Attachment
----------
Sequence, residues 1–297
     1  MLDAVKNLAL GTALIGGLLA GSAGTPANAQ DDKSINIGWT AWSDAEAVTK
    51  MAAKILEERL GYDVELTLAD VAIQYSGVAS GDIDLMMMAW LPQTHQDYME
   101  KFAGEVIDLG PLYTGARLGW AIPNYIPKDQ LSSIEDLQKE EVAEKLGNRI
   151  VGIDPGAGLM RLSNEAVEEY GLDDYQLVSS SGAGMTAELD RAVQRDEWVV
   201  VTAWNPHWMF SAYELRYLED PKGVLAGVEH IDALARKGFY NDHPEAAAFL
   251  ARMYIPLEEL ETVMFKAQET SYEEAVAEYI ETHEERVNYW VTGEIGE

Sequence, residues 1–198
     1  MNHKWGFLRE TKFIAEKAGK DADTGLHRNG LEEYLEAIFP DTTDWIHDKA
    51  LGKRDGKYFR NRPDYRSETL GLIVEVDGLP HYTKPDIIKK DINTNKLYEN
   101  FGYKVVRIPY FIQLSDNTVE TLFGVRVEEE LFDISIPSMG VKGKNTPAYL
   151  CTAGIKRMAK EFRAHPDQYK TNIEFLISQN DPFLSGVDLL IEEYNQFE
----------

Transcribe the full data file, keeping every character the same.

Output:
Sequence, residues 1–297
     1  MLDAVKNLAL GTALIGGLLA GSAGTPANAQ DDKSINIGWT AWSDAEAVTK
    51  MAAKILEERL GYDVELTLAD VAIQYSGVAS GDIDLMMMAW LPQTHQDYME
   101  KFAGEVIDLG PLYTGARLGW AIPNYIPKDQ LSSIEDLQKE EVAEKLGNRI
   151  VGIDPGAGLM RLSNEAVEEY GLDDYQLVSS SGAGMTAELD RAVQRDEWVV
   201  VTAWNPHWMF SAYELRYLED PKGVLAGVEH IDALARKGFY NDHPEAAAFL
   251  ARMYIPLEEL ETVMFKAQET SYEEAVAEYI ETHEERVNYW VTGEIGE

Sequence, residues 1–198
     1  MNHKWGFLRE TKFIAEKAGK DADTGLHRNG LEEYLEAIFP DTTDWIHDKA
    51  LGKRDGKYFR NRPDYRSETL GLIVEVDGLP HYTKPDIIKK DINTNKLYEN
   101  FGYKVVRIPY FIQLSDNTVE TLFGVRVEEE LFDISIPSMG VKGKNTPAYL
   151  CTAGIKRMAK EFRAHPDQYK TNIEFLISQN DPFLSGVDLL IEEYNQFE